From the moment mobile phones were introduced to the world, almost everyone who came into contact with one could tell that they would eventually spread over the globe. Now, mobile phones have become an essential object. It’s hard to imagine that we ever lived without them, as most people now carry their mobiles everywhere they go, rarely switching them off or leaving them at home.
The younger generations, in particular, are beginning to use their phones for everything – gaming, emails, internet surfing, listening to music – all can be done on one little gadget. But worldwide, which country statistically owns the most mobile phones?
According to data last updated in 2009, there are 4,600,000,000 mobile phones owned in the world. With a global population (at the time) of 6,797,100,000, that means that 67.6% of people own a mobile phone. That may not seem like a lot to some people, but you must consider that the figure includes the population of third world and underdeveloped countries where mobile phones are not as easily affordable and accessible as in the UK and the USA.
The United States, according to data from December 2009, has a population of 308,505,000 with 285,610,580 mobile phones owned. That’s a high 91.0%, as we would expect from the States – however, various countries actually exceed 100% in the mobile phone ownership statistics. Russia is at 147.3%, which equates to almost half the population owning two mobile phones. Germany is at 130.1%, Italy at 147.4%. The UK, arguably surprisingly, has a higher mobile phone ownership that the States at 122.9%. All figures are relevant within the last two years.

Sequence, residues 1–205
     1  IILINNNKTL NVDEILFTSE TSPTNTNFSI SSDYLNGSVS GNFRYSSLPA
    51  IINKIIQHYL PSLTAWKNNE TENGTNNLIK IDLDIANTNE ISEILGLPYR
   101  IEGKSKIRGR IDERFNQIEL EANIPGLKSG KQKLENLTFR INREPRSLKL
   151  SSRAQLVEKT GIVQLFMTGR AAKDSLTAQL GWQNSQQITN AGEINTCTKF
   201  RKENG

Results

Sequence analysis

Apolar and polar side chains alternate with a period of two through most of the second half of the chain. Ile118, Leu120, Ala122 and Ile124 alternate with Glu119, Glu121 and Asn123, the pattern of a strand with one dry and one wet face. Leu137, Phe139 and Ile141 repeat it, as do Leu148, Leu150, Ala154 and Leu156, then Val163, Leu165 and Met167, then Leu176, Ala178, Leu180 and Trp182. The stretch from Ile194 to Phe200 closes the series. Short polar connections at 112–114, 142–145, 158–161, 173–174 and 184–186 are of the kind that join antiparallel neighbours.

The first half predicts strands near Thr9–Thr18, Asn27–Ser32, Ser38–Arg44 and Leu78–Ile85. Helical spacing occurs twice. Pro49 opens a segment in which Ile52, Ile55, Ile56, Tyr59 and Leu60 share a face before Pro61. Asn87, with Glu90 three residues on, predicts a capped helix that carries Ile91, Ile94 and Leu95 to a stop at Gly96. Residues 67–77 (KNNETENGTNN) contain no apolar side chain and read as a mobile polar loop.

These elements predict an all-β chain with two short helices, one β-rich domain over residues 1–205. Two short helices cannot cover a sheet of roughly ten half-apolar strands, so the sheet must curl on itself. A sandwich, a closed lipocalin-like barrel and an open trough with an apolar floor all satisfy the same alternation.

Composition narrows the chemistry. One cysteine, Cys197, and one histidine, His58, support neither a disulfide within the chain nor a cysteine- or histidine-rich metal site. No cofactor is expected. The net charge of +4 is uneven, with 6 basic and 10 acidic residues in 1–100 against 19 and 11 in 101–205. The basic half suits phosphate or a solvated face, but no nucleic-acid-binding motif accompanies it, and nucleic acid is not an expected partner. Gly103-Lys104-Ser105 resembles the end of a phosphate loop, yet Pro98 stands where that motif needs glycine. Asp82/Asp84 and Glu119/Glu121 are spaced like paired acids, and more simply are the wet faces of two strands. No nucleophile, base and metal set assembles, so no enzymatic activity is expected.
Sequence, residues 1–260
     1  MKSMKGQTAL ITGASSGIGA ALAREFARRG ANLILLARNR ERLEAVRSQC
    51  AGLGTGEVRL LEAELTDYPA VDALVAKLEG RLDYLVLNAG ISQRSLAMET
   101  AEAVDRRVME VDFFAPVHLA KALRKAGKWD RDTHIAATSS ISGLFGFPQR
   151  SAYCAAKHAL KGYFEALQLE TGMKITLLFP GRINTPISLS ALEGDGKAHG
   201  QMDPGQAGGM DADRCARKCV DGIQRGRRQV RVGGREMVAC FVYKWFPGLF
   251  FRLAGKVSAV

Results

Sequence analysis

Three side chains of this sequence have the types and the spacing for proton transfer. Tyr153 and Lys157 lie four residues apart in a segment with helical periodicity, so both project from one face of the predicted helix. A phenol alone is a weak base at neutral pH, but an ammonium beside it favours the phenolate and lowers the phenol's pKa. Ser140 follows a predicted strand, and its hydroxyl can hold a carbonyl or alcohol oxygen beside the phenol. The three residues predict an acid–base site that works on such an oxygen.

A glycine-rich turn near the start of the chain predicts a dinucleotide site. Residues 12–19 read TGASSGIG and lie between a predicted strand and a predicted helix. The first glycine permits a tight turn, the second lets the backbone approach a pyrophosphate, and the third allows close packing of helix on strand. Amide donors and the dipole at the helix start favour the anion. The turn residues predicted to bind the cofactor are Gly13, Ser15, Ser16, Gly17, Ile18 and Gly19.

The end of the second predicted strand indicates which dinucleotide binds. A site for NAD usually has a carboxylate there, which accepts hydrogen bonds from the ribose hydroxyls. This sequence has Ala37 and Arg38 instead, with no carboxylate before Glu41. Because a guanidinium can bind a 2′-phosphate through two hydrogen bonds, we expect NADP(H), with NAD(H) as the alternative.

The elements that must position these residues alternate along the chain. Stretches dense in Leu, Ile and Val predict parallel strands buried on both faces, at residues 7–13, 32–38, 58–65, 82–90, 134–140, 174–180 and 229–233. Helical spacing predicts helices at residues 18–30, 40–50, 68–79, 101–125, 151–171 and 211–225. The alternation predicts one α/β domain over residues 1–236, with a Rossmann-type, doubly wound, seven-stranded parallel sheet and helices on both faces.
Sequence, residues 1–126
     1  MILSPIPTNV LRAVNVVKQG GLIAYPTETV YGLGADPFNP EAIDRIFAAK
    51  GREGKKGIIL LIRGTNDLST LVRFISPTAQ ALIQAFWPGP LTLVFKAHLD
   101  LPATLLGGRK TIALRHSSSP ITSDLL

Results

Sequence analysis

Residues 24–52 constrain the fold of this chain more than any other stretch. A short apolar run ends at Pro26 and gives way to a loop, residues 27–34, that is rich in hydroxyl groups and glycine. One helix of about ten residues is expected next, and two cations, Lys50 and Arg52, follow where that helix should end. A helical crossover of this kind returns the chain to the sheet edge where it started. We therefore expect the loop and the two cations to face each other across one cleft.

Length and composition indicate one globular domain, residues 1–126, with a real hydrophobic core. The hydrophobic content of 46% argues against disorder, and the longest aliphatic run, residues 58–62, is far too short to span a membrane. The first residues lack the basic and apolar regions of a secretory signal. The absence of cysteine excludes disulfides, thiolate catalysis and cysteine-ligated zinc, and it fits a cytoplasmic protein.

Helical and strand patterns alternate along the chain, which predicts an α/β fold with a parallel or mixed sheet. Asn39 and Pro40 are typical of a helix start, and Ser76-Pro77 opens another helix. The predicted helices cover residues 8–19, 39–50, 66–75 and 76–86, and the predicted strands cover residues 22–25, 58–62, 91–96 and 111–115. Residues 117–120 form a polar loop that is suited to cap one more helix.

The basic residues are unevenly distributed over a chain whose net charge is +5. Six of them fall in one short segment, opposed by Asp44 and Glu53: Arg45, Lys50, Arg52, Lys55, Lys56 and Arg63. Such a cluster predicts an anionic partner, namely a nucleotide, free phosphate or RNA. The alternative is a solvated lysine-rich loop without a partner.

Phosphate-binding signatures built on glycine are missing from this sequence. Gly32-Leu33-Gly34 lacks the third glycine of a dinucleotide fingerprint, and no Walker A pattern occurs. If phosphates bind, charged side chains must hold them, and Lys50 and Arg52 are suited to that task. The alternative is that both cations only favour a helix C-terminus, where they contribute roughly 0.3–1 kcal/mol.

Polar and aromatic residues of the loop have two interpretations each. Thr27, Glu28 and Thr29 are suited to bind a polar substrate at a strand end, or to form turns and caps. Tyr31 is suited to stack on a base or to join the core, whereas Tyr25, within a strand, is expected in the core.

How long will it be before everyone in the world, no matter how deprived, owns a mobile phone? In many countries, mobile phones are no longer seen as a luxury, but as a necessity. With new models constantly being released and taking the place of many other gadgets such as pagers, mp3 players/iPods and even computers, to an extent, the mobile phone definitely looks set to be the essential piece of technology for the future.